Chairman Dale Vince calls decision a “farce” and the council’s objections around community benefit and noise “tenuous at best”
Planning permission for an all-wooden stadium for League Two football club Forest Green Rovers, and a wider £100m Eco Park development, has been rejected by the local council.
Stroud District Council, in the southwest of England, voted against the landmark project due to concerns around lack of community benefit and noise.
Following the planning meeting, Councillor Haydn Jones said that while the plan was “stunning” he thought it had “greater costs than benefits” to the local community and road network.
However, the chairman of Forest Green Rovers, Dale Vince – the renewable energy entrepreneur and founder of Ecotricity – said the decision was a “farce” and the reasons provided for the rejection were “tenuous at best.”
During an interview with the BBC, Vince told the public service broadcaster that he was unsure about whether the club would appeal the decision.
Plans for the Eco Park project and Zaha Hadid-designed stadium were first revealed in 2016.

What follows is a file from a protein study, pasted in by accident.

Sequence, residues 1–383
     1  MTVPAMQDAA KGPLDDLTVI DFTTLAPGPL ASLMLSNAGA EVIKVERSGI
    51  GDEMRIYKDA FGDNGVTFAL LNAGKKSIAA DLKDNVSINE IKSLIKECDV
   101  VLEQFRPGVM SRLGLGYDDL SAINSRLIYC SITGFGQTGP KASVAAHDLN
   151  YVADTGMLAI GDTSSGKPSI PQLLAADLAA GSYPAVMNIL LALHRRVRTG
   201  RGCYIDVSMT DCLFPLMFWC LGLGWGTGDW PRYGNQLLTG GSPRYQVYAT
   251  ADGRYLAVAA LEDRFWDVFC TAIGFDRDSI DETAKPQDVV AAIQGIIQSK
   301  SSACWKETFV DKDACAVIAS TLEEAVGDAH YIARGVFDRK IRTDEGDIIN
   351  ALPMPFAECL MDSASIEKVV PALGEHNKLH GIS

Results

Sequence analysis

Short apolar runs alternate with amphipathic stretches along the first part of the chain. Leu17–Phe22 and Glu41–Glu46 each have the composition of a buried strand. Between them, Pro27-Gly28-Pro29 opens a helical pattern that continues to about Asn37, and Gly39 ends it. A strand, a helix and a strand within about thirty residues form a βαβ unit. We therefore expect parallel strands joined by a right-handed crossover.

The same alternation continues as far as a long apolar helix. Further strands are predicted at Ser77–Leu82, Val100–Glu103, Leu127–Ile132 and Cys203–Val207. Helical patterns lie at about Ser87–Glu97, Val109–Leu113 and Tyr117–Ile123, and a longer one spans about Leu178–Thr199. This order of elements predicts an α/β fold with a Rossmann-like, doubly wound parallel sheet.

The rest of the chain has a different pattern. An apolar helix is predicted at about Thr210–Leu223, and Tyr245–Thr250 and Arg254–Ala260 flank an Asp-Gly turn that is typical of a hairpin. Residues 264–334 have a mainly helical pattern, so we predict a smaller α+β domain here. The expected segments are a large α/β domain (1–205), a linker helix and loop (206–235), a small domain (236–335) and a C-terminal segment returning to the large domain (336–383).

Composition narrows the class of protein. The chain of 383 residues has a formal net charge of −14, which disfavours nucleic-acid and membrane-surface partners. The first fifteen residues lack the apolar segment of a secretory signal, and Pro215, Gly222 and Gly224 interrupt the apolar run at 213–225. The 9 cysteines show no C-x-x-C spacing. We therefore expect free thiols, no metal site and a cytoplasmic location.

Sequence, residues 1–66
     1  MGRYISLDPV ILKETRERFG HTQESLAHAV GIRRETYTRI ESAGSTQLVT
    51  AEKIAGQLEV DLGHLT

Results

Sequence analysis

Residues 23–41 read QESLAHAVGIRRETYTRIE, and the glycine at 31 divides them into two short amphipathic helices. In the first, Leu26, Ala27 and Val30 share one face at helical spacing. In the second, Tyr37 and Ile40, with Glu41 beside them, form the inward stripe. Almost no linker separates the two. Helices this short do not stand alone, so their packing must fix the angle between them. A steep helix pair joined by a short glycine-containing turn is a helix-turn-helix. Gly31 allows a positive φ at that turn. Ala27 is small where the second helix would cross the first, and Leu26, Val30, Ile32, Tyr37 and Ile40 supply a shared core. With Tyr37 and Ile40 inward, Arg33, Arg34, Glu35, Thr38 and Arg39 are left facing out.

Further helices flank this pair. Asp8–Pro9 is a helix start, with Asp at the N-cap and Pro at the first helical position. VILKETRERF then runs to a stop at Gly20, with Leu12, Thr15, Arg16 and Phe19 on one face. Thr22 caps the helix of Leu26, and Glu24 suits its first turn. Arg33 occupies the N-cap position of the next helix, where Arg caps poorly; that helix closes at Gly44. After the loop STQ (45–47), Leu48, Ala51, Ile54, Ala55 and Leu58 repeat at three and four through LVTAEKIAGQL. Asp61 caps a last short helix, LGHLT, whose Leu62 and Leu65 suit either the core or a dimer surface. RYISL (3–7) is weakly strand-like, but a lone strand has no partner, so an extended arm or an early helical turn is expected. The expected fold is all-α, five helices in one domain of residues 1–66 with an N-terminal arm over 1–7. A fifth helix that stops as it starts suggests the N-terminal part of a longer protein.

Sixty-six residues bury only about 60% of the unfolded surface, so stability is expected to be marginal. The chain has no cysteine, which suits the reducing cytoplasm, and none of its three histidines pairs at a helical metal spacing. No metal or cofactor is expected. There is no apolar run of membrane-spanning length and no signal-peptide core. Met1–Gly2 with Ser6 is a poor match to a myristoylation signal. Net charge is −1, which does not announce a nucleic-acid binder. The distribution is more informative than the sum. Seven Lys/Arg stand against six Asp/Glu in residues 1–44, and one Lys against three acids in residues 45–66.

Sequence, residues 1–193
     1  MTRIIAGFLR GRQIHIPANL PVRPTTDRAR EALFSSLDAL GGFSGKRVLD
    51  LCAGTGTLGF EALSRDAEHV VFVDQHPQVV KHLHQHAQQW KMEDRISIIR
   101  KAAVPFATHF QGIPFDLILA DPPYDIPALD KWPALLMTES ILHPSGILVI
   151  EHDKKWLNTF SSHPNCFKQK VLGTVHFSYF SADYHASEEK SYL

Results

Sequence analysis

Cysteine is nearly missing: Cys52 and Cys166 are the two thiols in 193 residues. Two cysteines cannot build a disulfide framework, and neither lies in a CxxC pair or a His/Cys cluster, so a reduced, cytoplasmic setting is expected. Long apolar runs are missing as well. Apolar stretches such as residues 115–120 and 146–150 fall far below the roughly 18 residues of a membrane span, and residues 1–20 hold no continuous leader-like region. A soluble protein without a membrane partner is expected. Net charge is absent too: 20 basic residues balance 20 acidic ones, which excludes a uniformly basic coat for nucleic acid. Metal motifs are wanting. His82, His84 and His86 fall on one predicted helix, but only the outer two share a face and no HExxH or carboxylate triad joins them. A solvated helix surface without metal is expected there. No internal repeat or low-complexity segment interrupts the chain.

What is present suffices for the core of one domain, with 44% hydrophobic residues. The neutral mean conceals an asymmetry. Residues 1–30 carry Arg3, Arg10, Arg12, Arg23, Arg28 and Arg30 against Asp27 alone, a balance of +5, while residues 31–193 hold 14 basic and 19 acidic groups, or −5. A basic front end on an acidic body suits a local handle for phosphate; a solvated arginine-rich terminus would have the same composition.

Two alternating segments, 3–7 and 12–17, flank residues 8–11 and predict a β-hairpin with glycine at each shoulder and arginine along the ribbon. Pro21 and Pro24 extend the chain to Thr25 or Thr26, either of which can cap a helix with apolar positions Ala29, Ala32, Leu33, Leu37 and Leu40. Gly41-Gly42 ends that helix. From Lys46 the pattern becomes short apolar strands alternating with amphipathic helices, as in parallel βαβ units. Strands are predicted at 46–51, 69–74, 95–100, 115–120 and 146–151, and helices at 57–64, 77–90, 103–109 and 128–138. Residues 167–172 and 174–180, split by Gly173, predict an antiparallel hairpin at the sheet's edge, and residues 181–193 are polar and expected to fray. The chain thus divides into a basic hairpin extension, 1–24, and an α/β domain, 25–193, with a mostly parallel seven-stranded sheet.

If given the green light, the stadium would have been the first owned by a professional football club to be totally made out of wood. When Zaha Hadid won the seven month-long design competition in November 2016, Vince said that wood was chosen for being a naturally occurring material and for its low carbon content.
The 5,000-capacity stadium was to be completely powered by renewable energy and was cited by Vince on numerous occasions as being the springboard for the club’s on-field success. Currently in the fourth tier of the English Football League, Vince’s ambition is to see the club reach the Championship – one rung below the Premier League.
The venue was set to be the centrepiece of the 100-acre Eco Park – a sports and green technology hub owned by the Gloucestershire-based Ecotricity. It was proposed to include grass and all-weather training facilities, a sports science hub, and was expected to accommodate 4,000 jobs.
Developing a stadium of this type would have helped to cement Forest Green’s status as the “greenest football club in the world” – a title bestowed by FIFA last year. The club is certified carbon neutral, and was the first professional football team to adopt the UNFCCC’s Sport for Climate Action Framework.
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